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08 Jun 2009 14:26
The rand is getting stronger, but it’s not enough to save us from the wrath of the rampaging oil price.
South African consumers are in for a rough ride and can expect to be hit by the cost of petrol, electricity, washing powder and pretty much anything packaged in plastic.
Monday’s oil price is at $68-a-barrel, having increased by almost 100% since the $35-a-barrel level seen in January.
At the same time, the rand has strengthened from its weakest point of R10 to the dollar at the beginning of the year to about R8 today.
According to Tony Twine, director and senior economist at Econometrix, while the strengthening rand provides a “partial cushion” to the rising oil price, it’s not enough to protect the consumer.
The cost of coal, which takes its lead from the crude oil price, inevitably increases alongside the fuel price. This could well lead to South Africans having to pay more for electricity in the near future.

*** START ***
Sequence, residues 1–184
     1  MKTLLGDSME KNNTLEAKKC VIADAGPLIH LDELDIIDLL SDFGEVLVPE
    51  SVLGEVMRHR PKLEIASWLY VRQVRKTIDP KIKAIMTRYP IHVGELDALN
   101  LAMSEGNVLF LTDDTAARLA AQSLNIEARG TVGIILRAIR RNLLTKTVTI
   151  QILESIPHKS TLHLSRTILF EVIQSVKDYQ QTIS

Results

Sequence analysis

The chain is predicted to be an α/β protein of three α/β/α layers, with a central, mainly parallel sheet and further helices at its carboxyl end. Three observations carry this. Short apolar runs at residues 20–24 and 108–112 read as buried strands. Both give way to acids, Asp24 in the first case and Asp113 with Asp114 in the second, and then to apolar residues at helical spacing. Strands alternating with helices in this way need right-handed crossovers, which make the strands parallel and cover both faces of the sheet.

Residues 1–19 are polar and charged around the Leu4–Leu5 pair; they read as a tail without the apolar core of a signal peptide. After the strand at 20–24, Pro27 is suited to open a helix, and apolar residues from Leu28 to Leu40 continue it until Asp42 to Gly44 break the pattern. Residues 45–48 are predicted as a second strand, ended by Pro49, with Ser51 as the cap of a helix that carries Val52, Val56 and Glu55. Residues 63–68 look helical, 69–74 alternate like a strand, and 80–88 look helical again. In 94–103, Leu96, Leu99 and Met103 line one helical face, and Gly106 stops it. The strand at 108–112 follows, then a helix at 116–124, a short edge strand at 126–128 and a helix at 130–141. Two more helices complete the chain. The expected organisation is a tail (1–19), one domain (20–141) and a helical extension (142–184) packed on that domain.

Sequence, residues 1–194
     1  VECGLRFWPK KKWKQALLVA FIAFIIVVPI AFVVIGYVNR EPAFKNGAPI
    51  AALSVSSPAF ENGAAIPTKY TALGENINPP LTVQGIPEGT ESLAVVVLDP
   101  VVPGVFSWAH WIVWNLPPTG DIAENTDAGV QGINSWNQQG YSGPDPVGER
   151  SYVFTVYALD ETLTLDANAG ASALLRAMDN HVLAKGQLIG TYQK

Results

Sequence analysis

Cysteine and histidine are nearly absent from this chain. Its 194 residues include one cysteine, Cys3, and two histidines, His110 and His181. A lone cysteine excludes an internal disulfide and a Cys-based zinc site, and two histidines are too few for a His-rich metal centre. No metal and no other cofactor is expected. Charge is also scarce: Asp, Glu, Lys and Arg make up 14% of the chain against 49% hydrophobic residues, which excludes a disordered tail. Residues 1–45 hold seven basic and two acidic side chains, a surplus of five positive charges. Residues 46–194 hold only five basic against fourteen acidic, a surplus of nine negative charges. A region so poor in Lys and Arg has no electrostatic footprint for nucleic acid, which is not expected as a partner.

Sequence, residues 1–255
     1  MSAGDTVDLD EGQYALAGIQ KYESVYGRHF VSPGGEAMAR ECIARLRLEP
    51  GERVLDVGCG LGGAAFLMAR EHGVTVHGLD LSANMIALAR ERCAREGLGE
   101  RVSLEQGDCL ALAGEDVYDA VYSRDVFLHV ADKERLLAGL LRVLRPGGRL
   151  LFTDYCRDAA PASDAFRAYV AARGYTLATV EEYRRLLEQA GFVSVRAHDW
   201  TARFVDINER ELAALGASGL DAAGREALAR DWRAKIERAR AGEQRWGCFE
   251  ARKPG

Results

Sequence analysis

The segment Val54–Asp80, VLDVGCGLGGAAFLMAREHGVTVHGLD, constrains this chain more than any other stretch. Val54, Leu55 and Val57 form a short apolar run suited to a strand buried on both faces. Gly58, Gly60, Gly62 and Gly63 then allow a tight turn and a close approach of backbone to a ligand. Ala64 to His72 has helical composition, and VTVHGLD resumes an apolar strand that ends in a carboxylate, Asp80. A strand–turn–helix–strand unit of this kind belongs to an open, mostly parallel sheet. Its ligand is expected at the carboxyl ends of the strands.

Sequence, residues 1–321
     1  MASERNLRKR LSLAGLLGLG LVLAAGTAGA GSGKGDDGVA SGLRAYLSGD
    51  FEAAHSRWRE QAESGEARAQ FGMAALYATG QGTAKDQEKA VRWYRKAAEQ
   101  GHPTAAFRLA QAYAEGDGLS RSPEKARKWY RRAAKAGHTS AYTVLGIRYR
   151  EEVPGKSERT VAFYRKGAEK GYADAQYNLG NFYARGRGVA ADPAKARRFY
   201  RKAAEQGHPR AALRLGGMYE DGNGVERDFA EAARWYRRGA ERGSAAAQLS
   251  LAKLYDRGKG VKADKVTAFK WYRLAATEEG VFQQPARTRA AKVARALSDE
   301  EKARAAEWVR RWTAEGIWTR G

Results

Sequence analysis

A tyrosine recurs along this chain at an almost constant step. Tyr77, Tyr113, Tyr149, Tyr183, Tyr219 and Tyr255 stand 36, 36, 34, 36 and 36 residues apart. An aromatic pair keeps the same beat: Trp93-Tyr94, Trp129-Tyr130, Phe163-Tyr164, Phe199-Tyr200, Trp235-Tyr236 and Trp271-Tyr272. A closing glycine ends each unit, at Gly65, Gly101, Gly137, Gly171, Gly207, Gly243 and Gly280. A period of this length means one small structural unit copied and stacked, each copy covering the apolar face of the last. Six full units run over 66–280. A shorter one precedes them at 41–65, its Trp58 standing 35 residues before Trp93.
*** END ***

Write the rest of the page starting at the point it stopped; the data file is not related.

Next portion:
The price of petrol will also increase once again, says Twine—probably at the beginning of July—if matters don’t change drastically.
Increases will also filter down to solvents, which means that washing powder, floor polish, paint and laminated paper will become more expensive.
Another major price rise will be in plastics. Oil is a fundamental feedstock in the creation of plastics, and this will effect all plastic goods, as well as the cost of plastic packaging.
“The rand would have had to appreciate by 50% to cancel the effects of the high oil price,” says Twine. But that wouldn’t necessarily be a good thing, he adds.
“We are a two-way trading nation,” says Twine.
“If the rand strengthens by too much, we will start to lose jobs.”
Ultimately, it’s a trade-off. The high oil price and expensive dollar price will make goods and services more costly for the SA consumer, but it seems that we have to be a nation of martyrs, and live with it in order to keep exporting, and hence, keep our economy alive.
Read more from Ilham Rawoot
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